Whale-watching from above in Sri Lanka

What better way to watch the blue whales than from a low-flying, small aircraft off Sri Lanka’s picturesque southern coast? During a 45-minute flight from Koggala Airport off the coastal town of Galle, Feizal Samath was treated to an unforgettable experience of watching the majestic sea giants in ultimate comfort

Whale sighted spraying water out in plumes near the ocean surface

Whale-watching from above is a new concept in Sri Lanka with F-Air promoting “air tourism”. The company follows the Whale and Dolphin Watching Regulations and Guidelines closely, flying at least 1,000 feet (305m) above sea level before coming down to 700 feet when a mammal is spotted in the ocean.

The flight also gives guests an aerial view of different places of beauty that may otherwise require some work to get to, including picturesque scenes of temples, lakes, mountain ranges and the Weligama Bay, which has a lovely resort perched on a small hill abutting the beach.

Whale sighted spraying water out in plumes near the ocean surface

At the Sri Lanka Airforce base at Koggala Airport, Galle, where F-Air’s three aircraft are parked, guests preparing to take off on the four-seater Cessna 172 aircraft are greeted with a chilled drink and a comfortable check-in lounge by a lake at the tail-end of the runway.

Whales are generally located between five to 15 nautical miles (8-25km) off the coast and as we fly above a cluster of tourist boats below – also on the same whale-watching expedition – we spot a blue whale.

The boats close in like a race – the fastest to get there gets the best (camera) shot – and it was then I got a better appreciation of how much of a luxury the plane tour was. We drop down to 700 feet and got a clear sight of a large, majestic blue whale at the surface of the water, spraying water out in plumes as it breathes.

In the midst of the excitement of my fellow whale watchers scrambling for their long-range cameras, another whale surfaces.

At different points, lone whales or those moving in groups are spotted gliding through the turquoise blue waters. Another perk of viewing from atop is that the aircraft are quieter than boats so whales are less likely to be scared away as planes approach.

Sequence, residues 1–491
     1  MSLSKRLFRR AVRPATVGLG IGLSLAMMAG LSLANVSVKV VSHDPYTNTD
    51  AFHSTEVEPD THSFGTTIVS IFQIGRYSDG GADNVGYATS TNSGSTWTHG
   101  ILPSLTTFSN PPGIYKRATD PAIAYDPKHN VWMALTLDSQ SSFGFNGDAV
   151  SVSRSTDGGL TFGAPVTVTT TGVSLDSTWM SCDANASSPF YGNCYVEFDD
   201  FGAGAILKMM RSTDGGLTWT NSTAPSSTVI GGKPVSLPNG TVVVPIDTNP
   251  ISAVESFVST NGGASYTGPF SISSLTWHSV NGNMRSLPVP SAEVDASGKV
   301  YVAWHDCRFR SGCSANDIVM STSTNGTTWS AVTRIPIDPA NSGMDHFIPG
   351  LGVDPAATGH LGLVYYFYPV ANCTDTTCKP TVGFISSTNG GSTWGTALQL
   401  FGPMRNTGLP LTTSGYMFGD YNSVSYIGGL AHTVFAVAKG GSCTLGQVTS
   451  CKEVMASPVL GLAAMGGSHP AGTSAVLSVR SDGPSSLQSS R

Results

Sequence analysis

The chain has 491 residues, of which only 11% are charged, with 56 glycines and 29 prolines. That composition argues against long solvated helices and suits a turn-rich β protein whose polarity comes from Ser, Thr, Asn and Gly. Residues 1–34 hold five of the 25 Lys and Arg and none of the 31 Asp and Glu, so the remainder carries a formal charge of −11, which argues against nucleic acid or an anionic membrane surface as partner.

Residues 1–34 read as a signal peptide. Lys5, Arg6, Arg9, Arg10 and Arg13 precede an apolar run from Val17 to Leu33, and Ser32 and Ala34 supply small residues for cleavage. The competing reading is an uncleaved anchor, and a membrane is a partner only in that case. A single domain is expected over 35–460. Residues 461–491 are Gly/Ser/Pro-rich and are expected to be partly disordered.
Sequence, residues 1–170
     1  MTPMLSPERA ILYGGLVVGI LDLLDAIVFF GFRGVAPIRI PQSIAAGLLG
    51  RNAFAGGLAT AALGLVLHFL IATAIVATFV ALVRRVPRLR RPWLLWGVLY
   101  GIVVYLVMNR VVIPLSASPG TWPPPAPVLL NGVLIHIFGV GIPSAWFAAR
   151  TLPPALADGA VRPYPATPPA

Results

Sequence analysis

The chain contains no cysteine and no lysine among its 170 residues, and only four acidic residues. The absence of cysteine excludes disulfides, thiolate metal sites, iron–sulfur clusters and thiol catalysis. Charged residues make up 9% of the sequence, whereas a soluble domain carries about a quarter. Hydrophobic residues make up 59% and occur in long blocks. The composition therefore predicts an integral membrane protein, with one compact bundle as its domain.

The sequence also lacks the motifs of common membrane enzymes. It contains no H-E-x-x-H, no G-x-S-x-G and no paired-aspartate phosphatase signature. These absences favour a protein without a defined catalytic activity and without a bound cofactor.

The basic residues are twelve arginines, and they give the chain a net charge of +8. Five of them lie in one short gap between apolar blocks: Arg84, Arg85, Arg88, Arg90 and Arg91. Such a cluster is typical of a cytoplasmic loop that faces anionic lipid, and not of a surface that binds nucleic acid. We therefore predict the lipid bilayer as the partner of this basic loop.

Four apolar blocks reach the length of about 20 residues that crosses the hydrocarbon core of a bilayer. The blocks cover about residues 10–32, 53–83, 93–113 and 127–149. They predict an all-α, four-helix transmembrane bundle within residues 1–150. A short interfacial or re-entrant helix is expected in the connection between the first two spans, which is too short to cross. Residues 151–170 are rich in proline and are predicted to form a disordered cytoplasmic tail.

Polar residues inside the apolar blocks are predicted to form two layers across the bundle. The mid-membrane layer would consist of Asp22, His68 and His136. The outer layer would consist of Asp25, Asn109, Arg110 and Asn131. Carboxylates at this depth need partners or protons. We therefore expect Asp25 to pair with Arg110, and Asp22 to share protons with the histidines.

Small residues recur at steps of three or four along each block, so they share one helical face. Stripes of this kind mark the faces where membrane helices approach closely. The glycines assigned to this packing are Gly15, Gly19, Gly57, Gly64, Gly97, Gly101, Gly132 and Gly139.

We witness a whale take a huge dive beneath the surface, and Sanjay Adhikari, CEO at F-Air, shared with me that it would take 10 to 15 minutes for the majestic creature to surface again, since it dives to the depth of the ocean before rising.

As the Cessna moves away from the whales, we spot dolphins, a pod of 10 to 15 pilot whales, about four turtles and a group of wind surfers having fun, ending a magical 45-minute ride.

F-Air operates tours mostly on the weekends but handles special tours on request, which are taken through resorts.

The company has three Cessnas with two more due to be delivered in May-September. The company operates an average of six to eight whale watching flights a day.

The company also helps in data collection by transporting researchers studying blue whales. At 30m in length and 180 metric tons or more in weight, this is the largest known animal to have ever existed. F-Air plans to fix a camera on the underbelly of the aircraft to help marine biologists research whale movements.

The view from 500-700 feet above sea level is absolutely breathtaking. After this experience, watching sea mammals from a boat may never quite be good enough.

No. of passengers: Three per flight
Rates: US$150 per ticket for adults and US$100 for children age 3-14 years; The company also offers package tours to 16 other scenic areas in Sri Lanka, as well as tours for research purposes, on a per-passenger rate or flat charter rate of US$300 per hour

Tel: (94) 77 444 5830
Email: info@f-air.lk
Address: F-airways, The Fairway, 100, Buthgamuwa Road Rajagiriya 10107, Sri Lanka

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